StumbleUpon’s New Design Looks Very Familiar

StumbleUpon, the website discovery engine, is beta testing a new design that looks extremely familiar. Instead of the long, vertical list of site descriptions with small screengrabs on one side, we now have this:

Horizontal rows of boxes with larger photos and colorful headers. I’m sure I’ve seen this style somewhere before. . . . let me think. . . .




Okay, so you can’t blame them for going with the flow, it’s a design that works, so why not? They also borrow a few other ideas from around the web, including Lists! You can now add any of your favorite pages to a list which can then be followed by others.

Twitter Loses to Instagram But Wins Over London

Twitter is on the march. They won’t stop until every person in the world has Tweeted at least once and I think they can do it. But first, they have to get past Instagram.

According to AllThingsDigital, more smartphone users visit Twitter but the funky photo site tops them for average number of viewers per day and time spent on site. (Study conducted by comScore for the month of August.)

The implication is that Instagram has more returning visitors than Twitter. That’s pretty amazing, seeing as how Instagram has only been around for a few years. Instagram also plays into the hot trend of graphics over text, apparently everyone loves to look but not everyone loves to read. (Boo!)

If You Got Lost Using Apple Maps, Tim Cook is Sorry

Yesterday, I upgraded my Apple iPad and iPhone to iOS 6. Lucky for me, I didn’t leave the house after that or I might not have made it back to chat with you this morning.

As you may have heard, Apple’s new mapping system, the one they installed to replace Google Maps, doesn’t work quite right. Some of the results are amusing, like the bridge in this screengrab. The General Lee might make it across, but the rest of us are going to have issues.

You’ll find that image and more at The Amazing iOS 6 Maps Tumblr.

Other reports include buildings in the wrong place, missing rivers, entire cities moved to a new state, parks five times their actual size and have a look at this incredible melting roadway.

Bing Adds Feature to Tell You Which Experts Have Klout

It’s hard to know who to trust on the internet these days. Everyone has an opinion but who really has the right answers to your questions? Bing says trust Klout.

If you’re new to this, Klout is a system that assigns a numeric value (I am not a number!!) to folks with a social media presence. It’s supposed to represent your influence in your areas of expertise. I am a 43. Frank is a 54. Film critic Roger Ebert is a 92 and that’s one whopper of a score.

Bing wants you to know the score, so they’ve added Klout scores to their “People Who Know” bar.

MySpace Readies Another Relaunch; And It’s Good

The only thing wrong with the new MySpace is the name. It’s the perfect name for an all-encompassing social network where I keep my favorite photos, thoughts from my friends, and links to my favorite TV shows, books and brands. Facebook should be MySpace, but that ship has sailed.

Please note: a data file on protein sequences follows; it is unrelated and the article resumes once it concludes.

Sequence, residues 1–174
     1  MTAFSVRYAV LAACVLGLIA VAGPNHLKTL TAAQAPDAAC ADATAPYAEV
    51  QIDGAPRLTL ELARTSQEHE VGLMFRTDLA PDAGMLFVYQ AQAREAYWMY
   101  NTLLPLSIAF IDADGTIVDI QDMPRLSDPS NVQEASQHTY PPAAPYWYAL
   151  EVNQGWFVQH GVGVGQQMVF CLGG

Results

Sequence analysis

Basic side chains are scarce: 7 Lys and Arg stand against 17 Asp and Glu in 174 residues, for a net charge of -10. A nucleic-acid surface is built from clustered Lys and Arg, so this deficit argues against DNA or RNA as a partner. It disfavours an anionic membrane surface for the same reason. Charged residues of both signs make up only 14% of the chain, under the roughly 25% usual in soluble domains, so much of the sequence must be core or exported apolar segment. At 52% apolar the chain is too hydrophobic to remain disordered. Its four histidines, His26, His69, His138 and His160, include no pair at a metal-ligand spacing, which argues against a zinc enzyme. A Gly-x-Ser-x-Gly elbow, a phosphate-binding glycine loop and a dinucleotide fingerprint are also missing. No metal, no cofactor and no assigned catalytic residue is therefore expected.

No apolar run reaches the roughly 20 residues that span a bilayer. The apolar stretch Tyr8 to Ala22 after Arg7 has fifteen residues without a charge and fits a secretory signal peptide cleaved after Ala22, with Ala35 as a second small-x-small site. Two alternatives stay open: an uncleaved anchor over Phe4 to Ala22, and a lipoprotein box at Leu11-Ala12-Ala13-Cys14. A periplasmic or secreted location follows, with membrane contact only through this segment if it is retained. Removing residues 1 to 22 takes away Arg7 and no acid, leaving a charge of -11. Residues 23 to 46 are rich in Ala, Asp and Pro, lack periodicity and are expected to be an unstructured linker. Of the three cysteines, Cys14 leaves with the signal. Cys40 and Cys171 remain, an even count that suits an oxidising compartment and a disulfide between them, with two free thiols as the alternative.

Was MySpace is about to become, is a social network for the music industry and it’s gorgeous.

Paid Content: To Index or Not to Index, That is the Question

Hello, you there! Person reading this post. How did you find it? If you’re a loyal MarketingPilgrim follower then maybe you came in here via our daily email update. Perhaps you came in off a social media link or you clicked a bookmark. If you’ve never been here before, then chances are you came in via a search engine. Welcome. We’re happy to have you and we hope you come back often.

Search engines are vital to the success of any site with written content. So why would you want to stop them from indexing your site?

The UK newspaper The Times stopped them because they felt it ran counter to their paid content business model. Back in 2010, the newspaper blocked search engine spiders as part of their conversion to digital subscriptions. Apparently, they believed that their good name alone would drive traffic to the site.

Offer a One-Click Vote of Confidence with LinkedIn Endorsements

If you click on a LinkedIn profile today, you’ll likely be greeted by a big, blue box like this one:

From here, you have the opportunity to help your fellow man by saying, ‘yes, I know this person is good at those things’ and you can do it with one click. Endorse and you’re done – sort of, because when you reload the page you get more options. If you don’t agree with all of the options, you can click the x to remove them before endorsing.

If you’re really into this, drop to the bottom of the page where most people (but not Andy for some odd reason) have a long list of skills that you can “+” one by one. For each box you click, a tiny picture of you shows up next to a picture of anyone else who agreed with you. Personally, I stopped endorsing because I was tired of seeing my own face pop up over and over again.